(Boston)—Boston University (BU) is one of 10 institutions to receive a $50,000 Prize for Enhancing Faculty Gender Diversity from the Office of Research on Women’s Health at the National Institutes of Health. The award recognizes institutions that have made systemic changes to improve gender diversity and equity among faculty members within their biomedical and behavioral science departments, centers or divisions.
Women continue to be under-represented at nearly every institution of higher education in the United States in the fields of biomedical, behavioral sciences and engineering, particularly among mid- to senior-level faculty ranks. “Retaining women in science, technology, engineering, math, and medicine (STEMM) and fostering their career growth requires a comprehensive, data-informed approach grounded in opportunities for professional development and mentorship,” says Megan H Bair-Merritt, MD, MSCE, professor of pediatrics at Boston University School of Medicine (BUSM) and board-certified pediatrician at Boston Medical Center (BMC), who led the BU application for the prize.
For the past five years (2016-2020), three Offices across BUSM and the Charles River Campus (CRC) have implemented a three-pronged approach that includes: (1) faculty development programs that provide women with opportunities to build new skills, form peer networks and receive career mentoring; (2) research-focused longitudinal workshops to enhance extramural funding success; and (3) career coaching. “All components seek to support a diverse group of women STEMM faculty members throughout their career trajectories,” explains Bair-Merritt, who also is the Chair of Women’s Leadership in the Boston University Medical Group’s Office of Equity, Vitality and Inclusion, multi-PI of the BU-Boston Medical Center (BMC) Clinical and Translational Science Institute, and Director of the Center for the Urban Child and Healthy Family at BMC. According to her, this approach has been developed to allow for generalizability and adaptability in diverse settings.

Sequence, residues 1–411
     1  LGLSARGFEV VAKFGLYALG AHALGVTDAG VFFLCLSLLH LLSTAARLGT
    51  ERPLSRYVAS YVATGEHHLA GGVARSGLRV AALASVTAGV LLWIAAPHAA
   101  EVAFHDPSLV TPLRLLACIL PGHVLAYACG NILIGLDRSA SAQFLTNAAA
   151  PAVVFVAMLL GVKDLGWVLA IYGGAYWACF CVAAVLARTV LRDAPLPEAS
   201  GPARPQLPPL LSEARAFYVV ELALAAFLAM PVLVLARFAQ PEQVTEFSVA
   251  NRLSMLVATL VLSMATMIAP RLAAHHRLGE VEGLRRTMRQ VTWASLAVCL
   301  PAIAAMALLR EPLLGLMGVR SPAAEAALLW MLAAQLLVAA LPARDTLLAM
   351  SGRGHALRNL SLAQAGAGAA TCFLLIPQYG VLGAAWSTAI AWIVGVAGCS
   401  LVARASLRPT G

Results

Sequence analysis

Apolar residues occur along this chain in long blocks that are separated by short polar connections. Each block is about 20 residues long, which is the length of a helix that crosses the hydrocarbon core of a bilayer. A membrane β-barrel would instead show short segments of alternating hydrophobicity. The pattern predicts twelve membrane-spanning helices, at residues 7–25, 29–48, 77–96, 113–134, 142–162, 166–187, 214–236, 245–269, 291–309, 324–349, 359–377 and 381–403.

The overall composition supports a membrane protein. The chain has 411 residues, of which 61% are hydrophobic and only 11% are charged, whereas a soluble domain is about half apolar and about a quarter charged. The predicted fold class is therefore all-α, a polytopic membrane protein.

This approach substantively improved gender equity across metrics including increased rates of promotion for women, more women at higher faculty ranks and diversified leadership across both BUSM and the CRC—see charts below.
Joyce Y. Wong, PhD, professor of biomedical engineering and materials science & engineering and Inaugural Director of the ARROWS (Advance, Recruit, Retain & Organize Women in STEM) Program in the Office of the Provost at the CRC, is excited to be part of this team. “The significant advances we have made across BUSM and CRC are a result of hard work over the years, demonstrating the strong commitment the institution has towards gender diversity and equity. In our quest to achieve diversity, equity, and inclusion, we must acknowledge and address the devastating and ongoing impacts of the pandemic. While caregiving is not inherently gendered, we recognize – with support from numerous data-driven studies [National Academies Report] – female faculty collectively bear a larger fraction of the work of caring for children and elders in their families. Bold actions fostering diversity, equity, and inclusion will distinguish the leading Institutions as we move forward,” says Wong.
Bair-Merritt attended the University of North Carolina School of Medicine and completed her residency and fellowship at the Children’s Hospital of Philadelphia. As a pediatrician and child health services researcher, she has conducted social epidemiology and intervention research in the area of family violence for over 15 years. She has published more than 80 scientific and/or invited articles, 14 letters/editorials, and 10 book chapters which predominantly focus on family violence and child health. She has received three R01-level awards as PI (and three additional awards as Co-I) from the National Institute of Justice and the Maternal and Child Health Bureau, an AHRQ T32 training grant, and multiple large foundation grants.
The Prize for Enhancing Faculty Gender Diversity seeks to recognize institutions whose biomedical and behavioral science departments, centers, or divisions have achieved sustained improvement in gender diversity. Understanding that there is no “one-size-fits-all” solution to enhancing diversity in academia and that ideas based on evidence are necessary to achieve systemic change, this prize will acknowledge and recognize transformative approaches, systems, projects, programs, and processes that have successfully enhanced and sustained gender diversity within an institution.